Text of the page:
HARRISBURG -- The state will soon have less room to borrow for a grant program that supports economic development projects.
Legislation lowering the debt limit for the Redevelopment Assistance Capital Program, which has paid for projects at hospitals, universities and industrial parks, was headed for Gov. Tom Corbett's desk after unanimously passing the state House and Senate on Wednesday. The governor's press secretary, Jay Pagni, said Mr. Corbett is expected to sign it into law.
Pennsylvania as of this summer had approximately $2.75 billion in debt associated with the program, but state law allows borrowing up to $4.05 billion. The legislation shaves off $600 million, leaving the debt ceiling at $3.45 billion. By comparison, the state's total outstanding debt stands at $10.4 billion, Mr. Pagni said.
Recipients of the grants are proposed by the Legislature and then selected by the governor. The proposal headed to his desk will put into law an evaluation system that considers such factors as the potential for job creation and how soon construction can begin.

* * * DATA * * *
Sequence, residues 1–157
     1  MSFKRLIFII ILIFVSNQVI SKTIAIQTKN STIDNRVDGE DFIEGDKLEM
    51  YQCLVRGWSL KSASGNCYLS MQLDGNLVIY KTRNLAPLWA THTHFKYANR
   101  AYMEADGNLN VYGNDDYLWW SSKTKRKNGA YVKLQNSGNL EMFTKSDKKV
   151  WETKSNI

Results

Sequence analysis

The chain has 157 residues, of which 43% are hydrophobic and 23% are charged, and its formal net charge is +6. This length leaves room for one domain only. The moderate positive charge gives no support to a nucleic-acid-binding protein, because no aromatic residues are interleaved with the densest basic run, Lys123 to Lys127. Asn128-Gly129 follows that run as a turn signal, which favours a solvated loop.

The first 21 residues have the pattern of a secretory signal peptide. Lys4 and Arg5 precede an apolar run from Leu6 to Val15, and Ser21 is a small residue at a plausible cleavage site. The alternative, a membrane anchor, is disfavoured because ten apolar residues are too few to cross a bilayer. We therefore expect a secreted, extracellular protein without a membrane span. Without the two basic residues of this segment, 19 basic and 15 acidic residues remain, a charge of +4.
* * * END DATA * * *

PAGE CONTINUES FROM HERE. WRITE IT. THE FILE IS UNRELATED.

House Majority Leader Mike Turzai, R-Bradford Woods, said the main focus is limiting how much money the state could borrow for the program. That ceiling has been raised repeatedly in recent years, jumping from $1.2 billion in 1999 to $2.65 billion in 2005 and $4.05 billion in 2010, according to House Republicans.
"This is the first reduction in the debt ceiling for the redevelopment capital assistance program in its history," Mr. Turzai said.
Concerns that rural projects could have trouble competing under the evaluation system led the Senate to add language requiring the criteria to reflect differences in population and geography across the state, said Erik Arneson, a spokesman for Senate Republicans.
Rep. Joe Markosek of Monroeville, the ranking Democrat on the House Appropriations Committee, noted that borrowing still can increase significantly before it approaches the new debt limit.
"We've always had a cap. We're way below it now anyway," he said. "I think we're managing our borrowing very well at this point in time, and both Democrats and Republicans deserve some credit for the management of our current debt."
The legislation also makes projects ineligible for funding unless they are listed in a budget bill within 10 years of being approved.
"Instead of having a project that can just be in the ether for eternity, it actually allows those projects to expire," said Rep. Matt Gabler, R-Clearfield, the bill's prime sponsor. "So that way we can ensure that we're approving projects that are relevant and timely."
Karen Langley: email@example.com or 1-717-787-2141. First Published October 17, 2013 7:25 PM